Sirpur Festival: Jamming With The Past

18/02/2015 8:32 AM IST | Updated 15/07/2016 8:25 AM IST
Rutavi Mehta

Sitting quietly on the banks of the Mahanadi, ancient Sirpur in Chhattisgarh's Mahasamund district had its heyday in the 6th century when it was a thriving city and a famous pilgrimage centre for Hindus, Buddhists and Jains. Excavations have revealed extraordinary structures dedicated to each religion (you'll run into a ruin every 5km or so) and though most are only a whisper of their former avatars, the celebrations aren't over yet. Every year Sirpur hosts an excellent dance and music festival that breathes new life into its time-worn environs.

"The Sirpur Dance & Music festival embodies an effort to pay homage to Sirpur's rich historical past as a pilgrimage centre and great seat of learning," explained Santosh Mishra , MD of Chhattisgarh Tourism, with whom I had detailed conversations regarding the idea behind festival. But you need to visit to truly witness how music and dance can bind humanity.

The three-day event, from 16-18 January, mesmerised me, and not just with the performances, but also the atmosphere. The venue was the grounds of the richly carved 7th century brick Laxman Temple. Visitors from around the world sat tight in their jackets in the chilly air while millions of stars lit the skies. There were stars on stage too. The first day was a medley of tribal dances and music performed by an array of international artists. The event was kicked off by Rekha Dewar who performed the traditional music form 'dewar geet', even as a dance troupe twirled to the tribal dance form "danda nritya". This was followed by "taal Chhattisgarh", in which tribal percussionists jammed with internationally acclaimed musicians such as Pete Lockett, Giridhar Udupa (ghatam), Swaminathan (kanjira), Anubrata Chatterjee (tabla) and Umar Farooq (bhapang). The jugalbandi and improvised flights of rhythmic fancy left the audience enthralled and proved that music transcends boundaries to speak a universal language. The day ended with beat of drums by Yasmin Singh, where the performance of Lord Shiva fitted well with the ambience and heritage of Laxman Temple. Abhangs (devotional poetry) by Shounak Abhisheki and Asha Khadilkar presented a fitting finale to the first evening.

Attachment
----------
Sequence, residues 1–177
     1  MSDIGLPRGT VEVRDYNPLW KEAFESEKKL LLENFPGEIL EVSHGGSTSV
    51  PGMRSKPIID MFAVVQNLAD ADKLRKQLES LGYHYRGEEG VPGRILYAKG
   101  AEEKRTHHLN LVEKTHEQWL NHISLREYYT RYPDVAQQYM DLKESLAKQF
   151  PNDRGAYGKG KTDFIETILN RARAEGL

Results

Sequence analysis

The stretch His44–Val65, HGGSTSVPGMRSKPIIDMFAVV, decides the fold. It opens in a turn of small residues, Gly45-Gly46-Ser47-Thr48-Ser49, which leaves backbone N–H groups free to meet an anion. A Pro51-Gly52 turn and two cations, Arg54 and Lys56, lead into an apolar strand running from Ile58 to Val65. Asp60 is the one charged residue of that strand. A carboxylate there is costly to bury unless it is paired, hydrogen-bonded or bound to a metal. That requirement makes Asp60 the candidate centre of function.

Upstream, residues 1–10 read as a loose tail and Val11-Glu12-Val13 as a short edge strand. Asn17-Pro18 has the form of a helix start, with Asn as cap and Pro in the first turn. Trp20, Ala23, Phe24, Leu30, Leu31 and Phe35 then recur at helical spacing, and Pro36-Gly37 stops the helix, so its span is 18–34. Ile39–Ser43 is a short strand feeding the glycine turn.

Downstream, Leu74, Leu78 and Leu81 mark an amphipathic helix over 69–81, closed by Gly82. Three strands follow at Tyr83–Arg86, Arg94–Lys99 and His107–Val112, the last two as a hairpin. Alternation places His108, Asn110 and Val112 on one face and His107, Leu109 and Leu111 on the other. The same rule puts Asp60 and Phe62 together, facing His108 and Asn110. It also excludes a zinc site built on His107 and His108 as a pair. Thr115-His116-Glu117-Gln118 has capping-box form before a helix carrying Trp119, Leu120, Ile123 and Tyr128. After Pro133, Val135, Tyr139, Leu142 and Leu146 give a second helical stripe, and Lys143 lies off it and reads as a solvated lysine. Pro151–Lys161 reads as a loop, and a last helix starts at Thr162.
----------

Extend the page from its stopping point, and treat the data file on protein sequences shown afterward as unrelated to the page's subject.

Rahul Sharma, Sirpur Festival Chhattisgarh


Taiko Player Leonard Eto, Sirpur Festival

The second day of the festival was just as scintillating. The evening unfolded with Rahul Sharma's mellow rendering of the santoor and soulful singing by Anuradha Paudwal, an eclectic mix of melody and bhakti. The showstopper of this day was a percussion performance by Japanese taiko player Leonard Eto and group. I felt myself slipping into a near trance, feeling each beat right through my heart. Other highlights included dance performances, notably with tirududi (dancing sticks) and the "panthi nritya" performed by the Satnami community. Rahul Sharma also collaborated with the Manganiyars from Rajasthan in a performance aptly named 'Milap', which transported me right back to my one-month-long journey in Rajasthan.


Vidwan Vikku Vinayakram, Ghatam Player, Sirpur Festival

The last day was one that I had only dreamed of since I started learning kathak. I reserved a front row seat to watch kathak maestro Pandit Birju Maharaj performing live. The wait for his appearance was made rewarding by the other accomplished artistes who preceded him on stage. I particularly enjoyed the fusion music of Vidwan Vikku Vinayakram (ghatam; it amazed me how such evocative sounds could be coaxed out of pottery), Prasanna (guitar), Ustad Shujaat Khan (sitar) and George Brooks (saxophone). And before I knew it, it was time for the most anticipated event of the night: Pandit Birju Maharaj's kathak. A powerful exponent of thumri, dadra and ghazal, his first act was an invocation to Lord Krishna, followed by a scene from the Ramayana. The students performed the articulation of Holi, which had great colours on stage. The moment Pandit Birju Maharaj came on to the stage each pulse quickened. Each move of his reminded of my days of learning kathak and it motivated me to start again.

The Sirpur Festival will always remain with me as a lifetime experience of amazing moments steeped in song, dance and history.

All images have been taken and provided by Rutavi Mehta.

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